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Central African Republic: thousands of families still in danger

26-01-2011 Interview

People in the east of the Central African Republic are suffering attacks, looting, kidnapping and food shortages because of armed conflict. Benoit Chavaz runs the ICRC’s protection and detention activities in the CAR. On the day the ICRC releases a film portraying the fight for survival, he explains how the organization is helping communities.

How does this film reflect the humanitarian problems you witness in the field?

It shows something that is still very striking for me – how the conflict unstitches the very fabric of community life. For instance, we see a farmer who has lost his wife and his livelihood through no fault of his own. His children have been left without a mother, exacting a heavy price from the next generation.

Similar stories abound in the CAR. In the north-east, for example, village communities have had their property destroyed and looted during attacks. Many feel safer hiding in the bush than they do at home, but this reduces access to education, healthcare and clean water. The film highlights people's remarkable resilience in the face of such hardship and insecurity.

What is the ICRC doing?

We work very closely with affected communities to make sure we understand their needs. Depending on the situation, we may provide food and seed, for instance, or facilitate access to water. We also help families separated by the violence to stay in touch.

Our teams in the field document cases of violence and discuss them with those presumed to be responsible, in an effort to prevent such violations from happening again.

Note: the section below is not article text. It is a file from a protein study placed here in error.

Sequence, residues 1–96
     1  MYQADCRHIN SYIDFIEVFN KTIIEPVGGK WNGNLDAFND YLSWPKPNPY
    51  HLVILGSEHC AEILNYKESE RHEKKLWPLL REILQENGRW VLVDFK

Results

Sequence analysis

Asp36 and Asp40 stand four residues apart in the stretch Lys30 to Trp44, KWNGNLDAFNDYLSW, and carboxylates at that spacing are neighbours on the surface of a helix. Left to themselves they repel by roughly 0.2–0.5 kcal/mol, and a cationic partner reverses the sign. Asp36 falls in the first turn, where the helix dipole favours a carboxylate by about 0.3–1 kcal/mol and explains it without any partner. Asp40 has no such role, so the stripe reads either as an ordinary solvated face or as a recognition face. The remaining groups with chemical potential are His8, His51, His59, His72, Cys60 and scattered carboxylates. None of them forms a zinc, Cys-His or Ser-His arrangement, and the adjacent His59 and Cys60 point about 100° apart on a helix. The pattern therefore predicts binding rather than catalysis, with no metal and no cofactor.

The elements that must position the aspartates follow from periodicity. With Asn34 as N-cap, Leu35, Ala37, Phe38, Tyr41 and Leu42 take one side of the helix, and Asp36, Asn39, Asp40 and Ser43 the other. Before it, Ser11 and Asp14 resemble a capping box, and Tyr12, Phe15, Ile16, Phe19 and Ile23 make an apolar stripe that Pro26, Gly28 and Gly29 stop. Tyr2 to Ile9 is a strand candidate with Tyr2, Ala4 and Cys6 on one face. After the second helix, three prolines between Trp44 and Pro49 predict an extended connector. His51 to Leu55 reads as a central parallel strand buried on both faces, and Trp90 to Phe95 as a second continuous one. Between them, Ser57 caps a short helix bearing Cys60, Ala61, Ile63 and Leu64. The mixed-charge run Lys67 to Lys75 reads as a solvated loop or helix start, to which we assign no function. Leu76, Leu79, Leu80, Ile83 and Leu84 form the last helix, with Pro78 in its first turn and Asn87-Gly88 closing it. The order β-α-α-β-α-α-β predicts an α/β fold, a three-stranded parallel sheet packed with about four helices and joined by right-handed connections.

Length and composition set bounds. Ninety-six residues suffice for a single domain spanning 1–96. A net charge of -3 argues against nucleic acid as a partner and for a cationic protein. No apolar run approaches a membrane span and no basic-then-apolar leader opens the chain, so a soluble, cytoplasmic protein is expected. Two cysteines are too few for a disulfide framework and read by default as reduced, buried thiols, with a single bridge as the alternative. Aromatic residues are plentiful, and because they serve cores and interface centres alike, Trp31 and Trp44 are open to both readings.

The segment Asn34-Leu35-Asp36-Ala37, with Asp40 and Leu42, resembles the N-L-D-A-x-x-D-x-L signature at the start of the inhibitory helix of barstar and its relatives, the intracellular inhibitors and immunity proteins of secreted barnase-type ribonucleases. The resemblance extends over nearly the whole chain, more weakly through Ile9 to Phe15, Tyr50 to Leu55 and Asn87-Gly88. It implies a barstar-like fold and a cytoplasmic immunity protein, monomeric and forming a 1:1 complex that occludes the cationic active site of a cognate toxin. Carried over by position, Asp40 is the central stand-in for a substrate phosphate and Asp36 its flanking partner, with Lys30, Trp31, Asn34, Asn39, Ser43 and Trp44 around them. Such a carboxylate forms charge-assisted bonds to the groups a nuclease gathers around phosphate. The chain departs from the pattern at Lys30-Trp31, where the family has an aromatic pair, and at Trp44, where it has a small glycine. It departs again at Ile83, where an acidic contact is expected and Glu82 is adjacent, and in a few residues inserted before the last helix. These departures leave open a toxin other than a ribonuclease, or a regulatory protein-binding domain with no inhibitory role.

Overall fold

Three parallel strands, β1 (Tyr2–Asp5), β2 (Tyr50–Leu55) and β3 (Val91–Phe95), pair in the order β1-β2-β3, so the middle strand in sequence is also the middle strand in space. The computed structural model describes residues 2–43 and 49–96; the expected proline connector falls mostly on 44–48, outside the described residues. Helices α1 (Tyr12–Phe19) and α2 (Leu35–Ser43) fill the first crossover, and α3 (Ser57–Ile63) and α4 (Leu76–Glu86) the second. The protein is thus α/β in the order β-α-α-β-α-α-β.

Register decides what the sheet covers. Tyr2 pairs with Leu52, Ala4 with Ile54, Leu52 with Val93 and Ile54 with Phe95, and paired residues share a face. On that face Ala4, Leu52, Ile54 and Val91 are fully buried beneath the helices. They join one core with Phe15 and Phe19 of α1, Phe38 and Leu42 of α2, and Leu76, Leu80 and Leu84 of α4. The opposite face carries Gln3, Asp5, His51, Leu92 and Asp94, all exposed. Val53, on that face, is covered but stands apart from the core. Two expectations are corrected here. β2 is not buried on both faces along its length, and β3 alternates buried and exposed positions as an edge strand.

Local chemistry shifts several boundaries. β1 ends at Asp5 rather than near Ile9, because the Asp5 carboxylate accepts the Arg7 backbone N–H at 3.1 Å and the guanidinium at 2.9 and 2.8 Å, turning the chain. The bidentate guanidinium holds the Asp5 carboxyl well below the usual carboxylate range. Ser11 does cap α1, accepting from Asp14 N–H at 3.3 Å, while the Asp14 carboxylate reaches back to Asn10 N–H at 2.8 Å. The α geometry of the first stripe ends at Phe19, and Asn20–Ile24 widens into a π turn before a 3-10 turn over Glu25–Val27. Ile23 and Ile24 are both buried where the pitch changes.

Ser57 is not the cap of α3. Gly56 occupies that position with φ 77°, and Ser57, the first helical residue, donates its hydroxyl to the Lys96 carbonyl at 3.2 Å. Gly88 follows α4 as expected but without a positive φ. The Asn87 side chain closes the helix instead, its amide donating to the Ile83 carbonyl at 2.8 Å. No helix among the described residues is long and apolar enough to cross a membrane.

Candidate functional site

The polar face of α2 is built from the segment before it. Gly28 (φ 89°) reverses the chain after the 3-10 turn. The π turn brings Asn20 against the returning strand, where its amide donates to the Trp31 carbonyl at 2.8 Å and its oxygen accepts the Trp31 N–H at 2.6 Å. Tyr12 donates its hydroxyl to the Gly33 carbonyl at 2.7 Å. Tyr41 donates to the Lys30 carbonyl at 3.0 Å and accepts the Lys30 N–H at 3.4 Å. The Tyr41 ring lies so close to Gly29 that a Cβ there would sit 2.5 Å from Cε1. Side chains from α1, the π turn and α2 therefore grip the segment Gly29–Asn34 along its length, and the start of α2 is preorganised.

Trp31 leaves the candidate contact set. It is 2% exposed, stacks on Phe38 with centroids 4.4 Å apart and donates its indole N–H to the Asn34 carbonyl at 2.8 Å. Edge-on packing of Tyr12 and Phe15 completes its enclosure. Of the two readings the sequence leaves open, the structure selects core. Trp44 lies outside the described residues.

Rules exist to ensure civilians and their property are protected during armed conflict, and one priority is to promote those rules among weapon-bearers through awareness-raising sessions.

What effect is the conflict having on children?

Children as young as 10 have had their childhoods cut short by conscription into armed groups, especially in the east of the CAR. The ICRC is extremely concerned about this issue, and we raise the matter in our dialogue with weapon-bearers wherever possible.

Thanks to its nationwide volunteer network, the Central African Red Cross was recently able to take several children from Sudan and the Democratic Republic of the Congo into their care. After surviving a gruelling ordeal, lasting years in some cases, these children had escaped their captors only to find themselves lost in a foreign country. The ICRC in Bangui traced their families through its delegations in neighbouring countries and eventually reunited the children with their relatives. Unfortunately, many children are not so lucky.

What are you doing to improve conditions for detainees?

The ICRC has been helping the authorities to improve detainee conditions in the CAR since 1992. Last year we followed the cases of over 1300 detainees in 27 prisons.

The aim is to ensure that people are being held under humane conditions, so at the end of each prison visit we share any recommendations for improvement with the authorities. We also provide direct humanitarian assistance where there are pressing needs, such as water and healthcare.



Benoit Chavaz


Obo, Haut Mbomou province, CAR. In a camp for internally displaced persons on the outskirts of the town.
© ICRC / M. Kokic / cf-e-00313

Ouham province, CAR. Women draw water from a well repaired by the ICRC. 

Ouham province, CAR. Women draw water from a well repaired by the ICRC.
© ICRC / M. Kokic / cf-e-00589

Bangui, CAR. ICRC staff visit Bimbo women's prison. 

Bangui, CAR. ICRC staff visit Bimbo women's prison.
© ICRC / M. Kokic / cf-e-00576

Ouogo, Ouham province, CAR. Briefing session on international humanitarian law. 

Ouogo, Ouham province, CAR. Briefing session on international humanitarian law.
© ICRC / M. Kokic / cf-e-00534